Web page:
Japan’s young men seek a new path
Posted on November 7, 2010
Something is happening to Japan’s young men. Compared with the generation that came before, they are less optimistic, less ambitious and less willing to take risks. They are less likely to own a car, want a car, or drive fast if they get a car. They are less likely to pursue sex on the first date – or the third. They are, in general, less likely to spend money. They are more likely to spend money on cosmetics and foresake any type of budgeting.
Japan’s young men mystify their girlfriends and their bosses. They confound the advertisers who aim products at them. They’ve been scrutinized and categorized by social commentators, marketing consultants and the government. And they unnerve just about everybody who makes long-term projections about Japan’s flagging birthrate and fading economy. Japan will grow or falter, economists and sociologists say, upon the shoulders of these mild, frugal, sweet-mannered men.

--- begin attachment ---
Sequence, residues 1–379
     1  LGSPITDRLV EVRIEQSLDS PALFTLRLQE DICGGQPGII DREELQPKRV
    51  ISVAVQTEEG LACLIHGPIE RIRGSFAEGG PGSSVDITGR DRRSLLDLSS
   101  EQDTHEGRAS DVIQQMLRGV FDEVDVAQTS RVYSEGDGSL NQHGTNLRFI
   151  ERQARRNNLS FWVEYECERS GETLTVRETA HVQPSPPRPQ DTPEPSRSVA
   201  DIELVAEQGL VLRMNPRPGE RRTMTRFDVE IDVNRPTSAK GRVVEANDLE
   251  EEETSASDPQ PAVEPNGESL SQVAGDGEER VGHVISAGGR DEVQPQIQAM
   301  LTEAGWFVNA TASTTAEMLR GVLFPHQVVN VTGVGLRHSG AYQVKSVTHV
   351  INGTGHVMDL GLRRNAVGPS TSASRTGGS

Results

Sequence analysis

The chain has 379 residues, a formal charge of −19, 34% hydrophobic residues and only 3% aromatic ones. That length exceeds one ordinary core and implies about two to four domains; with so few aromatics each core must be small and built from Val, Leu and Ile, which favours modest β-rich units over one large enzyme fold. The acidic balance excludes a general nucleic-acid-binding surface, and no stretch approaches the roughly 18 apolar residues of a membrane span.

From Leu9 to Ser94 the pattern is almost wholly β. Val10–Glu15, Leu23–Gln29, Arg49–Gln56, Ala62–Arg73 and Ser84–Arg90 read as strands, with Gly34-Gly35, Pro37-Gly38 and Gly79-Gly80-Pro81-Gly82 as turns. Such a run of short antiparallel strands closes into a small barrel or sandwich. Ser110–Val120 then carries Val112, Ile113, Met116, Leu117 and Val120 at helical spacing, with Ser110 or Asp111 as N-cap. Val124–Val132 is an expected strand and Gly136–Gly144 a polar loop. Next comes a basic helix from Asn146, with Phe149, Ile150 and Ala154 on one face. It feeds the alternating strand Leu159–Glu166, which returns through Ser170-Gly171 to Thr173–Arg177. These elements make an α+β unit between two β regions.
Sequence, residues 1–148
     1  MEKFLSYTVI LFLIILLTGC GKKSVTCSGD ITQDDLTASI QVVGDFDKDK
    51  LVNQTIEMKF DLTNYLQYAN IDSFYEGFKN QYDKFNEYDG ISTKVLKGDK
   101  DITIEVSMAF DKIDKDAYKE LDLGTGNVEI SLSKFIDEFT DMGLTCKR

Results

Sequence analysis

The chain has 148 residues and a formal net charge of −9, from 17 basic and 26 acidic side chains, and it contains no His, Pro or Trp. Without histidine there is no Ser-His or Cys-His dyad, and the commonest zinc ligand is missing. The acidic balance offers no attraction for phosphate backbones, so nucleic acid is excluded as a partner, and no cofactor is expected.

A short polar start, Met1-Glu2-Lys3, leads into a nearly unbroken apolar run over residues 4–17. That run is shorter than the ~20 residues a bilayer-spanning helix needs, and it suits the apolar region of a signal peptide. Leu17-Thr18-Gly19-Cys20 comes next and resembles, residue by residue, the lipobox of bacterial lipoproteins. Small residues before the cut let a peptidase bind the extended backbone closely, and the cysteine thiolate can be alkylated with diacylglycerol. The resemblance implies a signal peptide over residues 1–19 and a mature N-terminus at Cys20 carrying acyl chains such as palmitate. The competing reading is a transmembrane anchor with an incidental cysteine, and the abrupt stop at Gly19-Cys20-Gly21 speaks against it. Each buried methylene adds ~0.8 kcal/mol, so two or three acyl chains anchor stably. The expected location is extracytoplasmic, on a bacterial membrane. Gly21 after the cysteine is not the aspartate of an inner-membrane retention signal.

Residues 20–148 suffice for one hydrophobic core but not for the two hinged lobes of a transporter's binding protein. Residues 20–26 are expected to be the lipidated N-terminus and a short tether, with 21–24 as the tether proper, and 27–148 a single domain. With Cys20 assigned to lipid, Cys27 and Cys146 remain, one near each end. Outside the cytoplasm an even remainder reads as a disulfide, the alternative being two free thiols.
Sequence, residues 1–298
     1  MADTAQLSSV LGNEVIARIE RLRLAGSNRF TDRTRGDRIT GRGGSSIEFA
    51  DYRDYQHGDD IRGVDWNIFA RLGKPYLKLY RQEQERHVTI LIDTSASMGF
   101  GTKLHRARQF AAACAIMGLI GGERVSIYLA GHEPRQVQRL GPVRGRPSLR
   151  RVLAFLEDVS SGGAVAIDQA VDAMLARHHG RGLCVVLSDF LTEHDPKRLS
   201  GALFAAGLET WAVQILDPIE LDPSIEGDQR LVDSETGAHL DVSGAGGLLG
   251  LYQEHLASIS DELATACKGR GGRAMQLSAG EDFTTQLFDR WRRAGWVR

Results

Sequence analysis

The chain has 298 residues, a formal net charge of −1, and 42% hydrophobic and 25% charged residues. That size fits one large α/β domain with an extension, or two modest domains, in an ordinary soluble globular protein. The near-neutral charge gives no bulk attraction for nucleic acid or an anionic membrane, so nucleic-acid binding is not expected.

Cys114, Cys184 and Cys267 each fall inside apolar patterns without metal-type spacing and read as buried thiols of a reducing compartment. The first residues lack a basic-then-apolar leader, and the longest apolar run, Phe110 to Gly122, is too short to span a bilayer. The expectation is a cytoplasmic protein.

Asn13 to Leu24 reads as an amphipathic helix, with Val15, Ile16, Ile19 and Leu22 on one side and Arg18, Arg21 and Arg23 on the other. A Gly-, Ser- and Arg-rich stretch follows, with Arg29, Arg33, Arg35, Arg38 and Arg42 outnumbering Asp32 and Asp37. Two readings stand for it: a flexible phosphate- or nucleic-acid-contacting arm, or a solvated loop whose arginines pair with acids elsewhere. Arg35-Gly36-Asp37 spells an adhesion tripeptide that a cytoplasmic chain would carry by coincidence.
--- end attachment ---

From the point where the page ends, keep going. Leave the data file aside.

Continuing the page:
To hear the analysts who study them tell it, Japanese men ages 20 to 34 are staging the most curious of rebellions, rejecting the 70-hour workweeks and purchase-for-status ethos that typified the 1980s economic boom. As the latest class of college graduates struggles to find jobs, a growing number of experts are detecting a problem even broader than unemployment: They see a generation of men who don’t know what they want.